Owning up

The Baltimore Sun

They call it the sport of kings, but Jerome Aiken knows better.

Born in Baltimore, raised on Hayward Avenue - just blocks from Pimlico Race Course - Aiken was conditioned to believe horse ownership was affordable only for the wealthy. But he has shown what can be accomplished at the racetrack with diligence and a little cash.

Aiken's full-time job is systems engineer for Raytheon, but he was all horse owner yesterday. Appearing on the Preakness Day card for the first time since he became a horse owner, his 4-year-old colt, Crypto Prime, ran eighth in the 10-horse, $35,000 Deputed Testamony Starter Handicap.

Aiken, 47, is one of the few African-American horse owners in the industry. Running a horse yesterday represented another milestone for the self-made horseman who says he has earned almost $300,000 racing the past two years. Last year, his Five Star Magic won an allowance race at Pimlico the day before the Preakness.

"Just being here is exciting," he said yesterday. "It's a big crowd, the big time. Winning would have been a great ending."

Crypto Prime is typical of Aiken's investment in racing. Aiken paid $2,500 for him in 2006 and has gotten back $85,220 in earnings, including two victories.

"He's always been a horse I can count on," Aiken said.

Growing up on Hayward, Aiken held the dream of owning racehorses. Now he's living it.

"Jerome used to stand on the outside looking in at Pimlico on his way to school and watch the horses do their morning gallop," Marsha Aiken, his youngest sister, said last week via e-mail.

"Now he is on the inside of the paddock hoisting the jockey onto the horse when they say 'rider up.' I am so proud of him. I know my dad is looking down smiling. The only regret is that he is not here to be a part of it."

Jerome grew up listening to his father, James, who worked at Bethlehem Steel, tell stories about the great Maryland horse Native Dancer. Although the family never went to the track, Aiken stopped to watch races through the fence after school. On Saturdays, he'd take in morning workouts and afternoon races.

"The impression you have when you're young, it's only for the rich," he said. "[But] the meat and potatoes of the industry are guys like me."

It wasn't until Aiken went to South Korea as a computer programmer for the Department of Defense that he considered owning horses. He was particularly inspired by a story in The Sun about Xtra Heat, a Maryland sprinter who was originally sold for just $5,000 but earned almost $2.4 million in her career.

Working in Florida in 2001, and buoyed by a $5,000 line of credit, Aiken bought his first horse, Star City Dancer. When he turned the filly over to his new trainer, Tony Aguirre, there was a sense of wonderment.

"When you looked at the legs, they were beyond crooked," Aguirre said, laughing. "They were so crooked, when she walked, she tripped the hot walker."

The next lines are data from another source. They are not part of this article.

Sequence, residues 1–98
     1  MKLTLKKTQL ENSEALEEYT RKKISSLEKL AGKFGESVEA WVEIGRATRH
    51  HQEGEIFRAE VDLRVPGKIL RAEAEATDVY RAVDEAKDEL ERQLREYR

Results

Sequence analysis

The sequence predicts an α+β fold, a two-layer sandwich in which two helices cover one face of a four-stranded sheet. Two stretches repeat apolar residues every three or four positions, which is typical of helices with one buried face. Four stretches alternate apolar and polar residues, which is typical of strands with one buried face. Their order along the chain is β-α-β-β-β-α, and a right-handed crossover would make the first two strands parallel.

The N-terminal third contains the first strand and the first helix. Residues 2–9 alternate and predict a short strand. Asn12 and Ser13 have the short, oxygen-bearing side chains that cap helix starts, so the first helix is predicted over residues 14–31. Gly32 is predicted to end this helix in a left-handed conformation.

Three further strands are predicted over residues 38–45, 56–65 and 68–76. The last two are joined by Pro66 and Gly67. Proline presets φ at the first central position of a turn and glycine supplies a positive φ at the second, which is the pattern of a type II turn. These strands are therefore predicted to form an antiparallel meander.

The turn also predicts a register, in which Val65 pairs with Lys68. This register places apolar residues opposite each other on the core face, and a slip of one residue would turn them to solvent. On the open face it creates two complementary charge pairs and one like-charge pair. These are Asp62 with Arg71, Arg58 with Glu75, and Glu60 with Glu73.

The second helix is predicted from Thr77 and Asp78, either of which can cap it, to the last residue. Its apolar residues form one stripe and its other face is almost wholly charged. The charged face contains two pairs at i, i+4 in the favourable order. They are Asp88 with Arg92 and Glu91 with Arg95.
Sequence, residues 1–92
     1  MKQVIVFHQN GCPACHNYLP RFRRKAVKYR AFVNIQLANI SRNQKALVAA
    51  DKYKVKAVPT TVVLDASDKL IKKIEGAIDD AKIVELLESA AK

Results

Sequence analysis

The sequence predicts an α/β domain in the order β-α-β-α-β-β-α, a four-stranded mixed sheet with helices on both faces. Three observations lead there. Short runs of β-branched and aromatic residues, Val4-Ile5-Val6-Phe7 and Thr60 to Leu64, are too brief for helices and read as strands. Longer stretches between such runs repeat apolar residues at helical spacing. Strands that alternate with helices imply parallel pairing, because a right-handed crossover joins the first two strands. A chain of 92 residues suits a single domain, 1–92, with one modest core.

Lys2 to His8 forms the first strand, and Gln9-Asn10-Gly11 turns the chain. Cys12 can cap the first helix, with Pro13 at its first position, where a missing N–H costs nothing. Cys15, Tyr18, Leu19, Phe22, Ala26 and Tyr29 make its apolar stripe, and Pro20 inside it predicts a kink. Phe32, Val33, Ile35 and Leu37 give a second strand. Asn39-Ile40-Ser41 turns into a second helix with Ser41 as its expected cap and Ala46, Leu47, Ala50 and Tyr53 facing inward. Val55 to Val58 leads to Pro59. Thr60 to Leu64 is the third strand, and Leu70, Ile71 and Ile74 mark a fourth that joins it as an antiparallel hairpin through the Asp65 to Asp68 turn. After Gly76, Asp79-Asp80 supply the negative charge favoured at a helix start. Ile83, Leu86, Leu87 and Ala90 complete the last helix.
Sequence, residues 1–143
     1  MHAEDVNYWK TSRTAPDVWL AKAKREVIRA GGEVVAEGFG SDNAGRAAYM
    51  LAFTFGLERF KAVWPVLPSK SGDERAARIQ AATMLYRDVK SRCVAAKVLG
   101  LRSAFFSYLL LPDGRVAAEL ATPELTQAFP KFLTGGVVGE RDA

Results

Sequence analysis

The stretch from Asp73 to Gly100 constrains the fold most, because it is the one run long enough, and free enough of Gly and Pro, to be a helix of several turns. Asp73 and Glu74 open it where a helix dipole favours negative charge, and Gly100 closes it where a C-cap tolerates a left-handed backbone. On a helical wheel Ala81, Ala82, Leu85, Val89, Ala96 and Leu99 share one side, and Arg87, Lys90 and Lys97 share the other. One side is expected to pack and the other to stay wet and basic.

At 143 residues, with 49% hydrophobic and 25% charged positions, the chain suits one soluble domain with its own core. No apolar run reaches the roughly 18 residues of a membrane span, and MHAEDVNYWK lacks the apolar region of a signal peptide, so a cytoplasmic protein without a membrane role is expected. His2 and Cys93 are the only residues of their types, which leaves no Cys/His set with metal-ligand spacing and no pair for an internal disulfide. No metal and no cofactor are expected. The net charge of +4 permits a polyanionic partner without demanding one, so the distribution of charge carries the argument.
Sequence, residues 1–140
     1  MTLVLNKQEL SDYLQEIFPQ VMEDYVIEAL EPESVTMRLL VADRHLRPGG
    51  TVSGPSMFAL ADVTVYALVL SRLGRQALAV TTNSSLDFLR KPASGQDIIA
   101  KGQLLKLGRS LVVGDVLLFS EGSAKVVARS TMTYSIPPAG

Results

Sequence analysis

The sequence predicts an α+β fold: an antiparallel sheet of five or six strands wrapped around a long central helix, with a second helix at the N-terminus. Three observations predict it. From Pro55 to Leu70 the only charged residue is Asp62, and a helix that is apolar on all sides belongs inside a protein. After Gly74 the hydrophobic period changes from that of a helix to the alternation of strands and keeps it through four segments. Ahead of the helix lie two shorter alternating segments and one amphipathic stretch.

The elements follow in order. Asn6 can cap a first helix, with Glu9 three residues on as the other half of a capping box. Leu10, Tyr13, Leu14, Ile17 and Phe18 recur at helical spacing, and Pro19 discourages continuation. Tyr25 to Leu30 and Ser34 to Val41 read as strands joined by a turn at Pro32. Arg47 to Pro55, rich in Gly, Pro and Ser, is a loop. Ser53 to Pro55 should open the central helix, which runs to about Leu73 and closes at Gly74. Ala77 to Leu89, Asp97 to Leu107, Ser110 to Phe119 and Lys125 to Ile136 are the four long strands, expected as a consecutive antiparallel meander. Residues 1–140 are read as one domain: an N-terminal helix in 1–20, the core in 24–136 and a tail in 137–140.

Still, Aiken paid just $1,500 for Star City Dancer. She earned $1,800 on the track and then was claimed for $10,000. Not a bad return on his investment.

Since then, with Aguirre's help, Aiken has learned enough about the business to trust his judgment. "He's to the point where I don't need to be here," Aguirre said last week in Timonium, where he and Aiken were surveying this year's Fasig-Tipton 2-year-old crop.

Aiken operates on the low end of the horse scale - "I look for cheap speed," he says - and he is not alone. Dennis Huie, whose father owned and raced horses in Jamaica, is another local enthusiast dabbling in ownership.

Huie, a medical technologist with Kaiser Permanente, is in partnership for two horses and owns another outright.

"There are not more minorities on the owning end because they think it's such a prohibitive, expensive sport," Huie, 48, said. "But it's not. ... You don't have to go over the top like the sheiks of Dubai. We're on the low end, but we still enjoy the sport. Every now and then, we score one."

Dr. E.J. Colvin, who has owned horses for 35 years and was a member of the Maryland Racing Commission for 27, used to work cashing winning tickets at Charles Town before he started buying horses. Cost is the major factor in the diminished number of minorities who own horses, he said.

"At one time, there were quite a few, maybe eight to 10 years ago," Colvin said. "Hank Allen, Norman Johnson, Willie Richardson. Now, the industry is kind of bad. It's hard to own horses now. You just don't have many blacks coming into racing."

In an effort to draw more people into the business, Aiken is 14 chapters deep into a book he's writing about investing on the low end. He also maintains a Web site, starhorseracing.com, that details some of his strategies.

"I'm hoping to hit that nice horse, just so I can say this is what could happen if you put money in and apply yourself," he said.

"I'm making money. I haven't hit that home run yet, but I feel like it has to happen soon. Every owner is defined by one horse. I'm waiting for mine."

Aiken believes his best chance rests with Princess Quatorze, a yearling he bought in 2007 who finished third in her first race a week ago. "She might be my first stakes winner," he said.


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